(2)  The Commissioner may, by notice in writing given to the person, extend the time within which the information must be given or documents or copies of documents must be produced in accordance with the notice under subsection (1).

Circumstances in which a person is not required to comply

             (3)  A person is not required to comply with a requirement of a notice given to the person under subsection (1) if the performance of the Commissioner’s functions relates to the affairs of an approved provider, or former approved provider, that is not a corporation.

Offence

             (4)  A person commits an offence of strict liability if:

                     (a)  the person is required to give the Commissioner information, or produce to the Commissioner documents or copies of documents, in accordance with a notice given to the person under subsection (1); and

                     (b)  the person fails to comply with the requirement.

Penalty:  30 penalty units.

Reasonable compensation

             (5)  A person is entitled to be paid by the Commonwealth reasonable compensation for complying with a requirement of a notice given to the person under subsection (1) to give copies of documents.

Part 2Other amendments

Aged Care Act 1997

4  After subsections 9‑2(3) and 9‑3A(3)

Insert:

          (3A)  Strict liability applies to subsection (3).

5  After subsection 9‑3B(5)

Insert:

          (5A)  Strict liability applies to subsection (5).

Aged Care Quality and Safety Commission Act 2018

6  Section 7

Insert:

civil penalty provision has the same meaning as in the Regulatory Powers Act.

compliance notice means a notice given under section 74EE.

7  After subsection 63N(1)

Insert:

          (1A)  The Commissioner may do so even if the Commissioner has given the approved provider a compliance notice in relation to the non‑compliance (regardless of whether the provider has complied with the notice).

8  After paragraph 63N(3)(f)

Insert:

                    (fa)  if the provider has given an undertaking under section 114 of the Regulatory Powers Act in relation to the non‑compliance (as applied by section 74EC of this Act)—whether or not the provider has complied with the undertaking;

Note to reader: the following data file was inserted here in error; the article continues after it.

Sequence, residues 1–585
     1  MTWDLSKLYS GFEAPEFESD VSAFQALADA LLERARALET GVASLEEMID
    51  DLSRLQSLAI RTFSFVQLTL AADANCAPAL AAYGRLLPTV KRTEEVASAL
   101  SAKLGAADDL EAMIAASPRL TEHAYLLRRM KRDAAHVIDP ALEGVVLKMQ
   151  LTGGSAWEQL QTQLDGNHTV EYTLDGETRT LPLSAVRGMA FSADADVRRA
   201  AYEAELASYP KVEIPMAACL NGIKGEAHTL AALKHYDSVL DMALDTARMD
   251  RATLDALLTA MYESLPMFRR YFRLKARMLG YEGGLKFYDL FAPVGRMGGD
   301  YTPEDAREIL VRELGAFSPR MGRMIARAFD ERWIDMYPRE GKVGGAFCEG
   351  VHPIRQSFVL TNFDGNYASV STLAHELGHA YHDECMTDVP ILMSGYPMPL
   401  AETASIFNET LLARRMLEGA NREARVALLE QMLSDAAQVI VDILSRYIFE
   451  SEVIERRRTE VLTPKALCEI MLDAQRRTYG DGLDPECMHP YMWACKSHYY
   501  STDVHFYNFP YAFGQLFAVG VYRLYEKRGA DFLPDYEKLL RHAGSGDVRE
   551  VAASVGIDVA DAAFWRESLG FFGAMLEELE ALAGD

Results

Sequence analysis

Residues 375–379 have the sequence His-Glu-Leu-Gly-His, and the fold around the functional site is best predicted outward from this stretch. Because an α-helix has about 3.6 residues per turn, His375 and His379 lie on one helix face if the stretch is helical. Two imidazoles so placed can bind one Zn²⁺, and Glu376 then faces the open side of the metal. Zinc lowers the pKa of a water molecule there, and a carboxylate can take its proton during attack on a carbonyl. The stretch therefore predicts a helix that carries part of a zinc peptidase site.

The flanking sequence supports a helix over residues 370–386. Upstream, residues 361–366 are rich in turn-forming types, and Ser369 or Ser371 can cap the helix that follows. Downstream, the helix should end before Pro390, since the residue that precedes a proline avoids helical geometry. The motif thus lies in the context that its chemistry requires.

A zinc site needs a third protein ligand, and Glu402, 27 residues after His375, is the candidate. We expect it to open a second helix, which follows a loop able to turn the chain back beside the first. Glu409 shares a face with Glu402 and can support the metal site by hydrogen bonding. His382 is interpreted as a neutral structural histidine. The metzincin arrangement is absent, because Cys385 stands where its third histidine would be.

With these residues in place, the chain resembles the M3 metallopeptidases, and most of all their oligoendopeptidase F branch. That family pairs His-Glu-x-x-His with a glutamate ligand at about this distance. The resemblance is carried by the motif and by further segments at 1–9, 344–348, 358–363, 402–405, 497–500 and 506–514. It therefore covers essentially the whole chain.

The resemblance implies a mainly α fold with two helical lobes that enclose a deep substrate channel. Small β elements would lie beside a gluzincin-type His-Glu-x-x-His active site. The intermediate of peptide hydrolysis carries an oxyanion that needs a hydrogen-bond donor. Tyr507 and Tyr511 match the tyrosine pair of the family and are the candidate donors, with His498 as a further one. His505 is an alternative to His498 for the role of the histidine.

(fb)  if the provider has been given a compliance notice in relation to the non‑compliance—whether or not the provider has complied with the notice;

9  Section 74A

Omit:

An authorised officer may, under Part 3 of the Regulatory Powers Act, gather material that relates to the contravention of offences against:

       (a)     this Act or the Aged Care Act; or

      (b)     the Crimes Act 1914 or the Criminal Code that relates to this Act or the Aged Care Act.

Parts 2 and 3 of the Regulatory Powers Act are applied by this Part with suitable modifications.

substitute:

An authorised officer may, under Part 3 of the Regulatory Powers Act, gather material that relates to the contravention of:

       (a)     an offence provision of this Act or the Aged Care Act; or

      (b)     an offence provision of the Crimes Act 1914 or the Criminal Code that relates to this Act or the Aged Care Act; or

       (c)     a civil penalty provision of this Act or Division 54 of the Aged Care Act.

Parts 2, 3 and 4 of the Regulatory Powers Act are applied by this Part with suitable modifications. The civil penalty provisions and some strict liability offence provisions are also subject to an infringement notice under Part 5 of the Regulatory Powers Act.

An approved provider’s responsibilities under Chapter 4 of the Aged Care Act may be enforced by enforceable undertakings and injunctions under Parts 6 and 7 of the Regulatory Powers Act.

The Commissioner may give an approved provider a compliance notice requiring the provider to take, or refrain from taking, action in order to address non‑compliance with the provider’s responsibilities under paragraph 54‑1(1)(e) of the Aged Care Act.

10  After paragraph 74D(1)(b)

Insert:

               ; or (c)  a civil penalty provision of this Act or Division 54 of the Aged Care Act.

11  Section 74J (at the end of the table)

Add:

6

A decision under section 74EE to give a compliance notice to an approved provider

A person whose interests are affected by the decision

Part 3Transitional provisions

12  Application of power to require information or documents

            Section 74GA of the Aged Care Quality and Safety Commission Act 2018 as inserted by this Schedule applies in relation to:

                     (a)  the performance of the Commissioner’s functions on or after the commencement of this Schedule, including in relation to the affairs of an approved provider or a former approved provider before, on or after that commencement; and

                     (b)  information and documents created before, on or after that commencement.

Schedule 3Amendments contingent on the Federal Circuit and Family Court of Australia Act 2021

  

Aged Care Quality and Safety Commission Act 2018

1  Paragraphs 74EA(3)(b), 74EC(3)(b) and 74ED(3)(b)

Repeal the paragraphs, substitute:

                     (b)  the Federal Circuit and Family Court of Australia (Division 2);

 

 

 

 

[Minister’s second reading speech made in—

House of Representatives on 2 December 2020

Senate on 3 February 2021]

 

(163/20)